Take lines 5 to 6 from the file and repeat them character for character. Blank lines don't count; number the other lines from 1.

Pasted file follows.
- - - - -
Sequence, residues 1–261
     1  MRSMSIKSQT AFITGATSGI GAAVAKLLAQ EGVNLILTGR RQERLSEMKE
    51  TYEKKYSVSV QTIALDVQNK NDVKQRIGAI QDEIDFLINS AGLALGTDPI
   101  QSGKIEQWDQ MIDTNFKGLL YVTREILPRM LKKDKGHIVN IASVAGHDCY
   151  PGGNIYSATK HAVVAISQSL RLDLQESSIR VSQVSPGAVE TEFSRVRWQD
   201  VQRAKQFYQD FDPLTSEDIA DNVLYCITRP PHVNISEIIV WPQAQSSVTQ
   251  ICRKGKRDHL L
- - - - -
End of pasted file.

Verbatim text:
   151  PGGNIYSATK HAVVAISQSL RLDLQESSIR VSQVSPGAVE TEFSRVRWQD
   201  VQRAKQFYQD FDPLTSEDIA DNVLYCITRP PHVNISEIIV WPQAQSSVTQ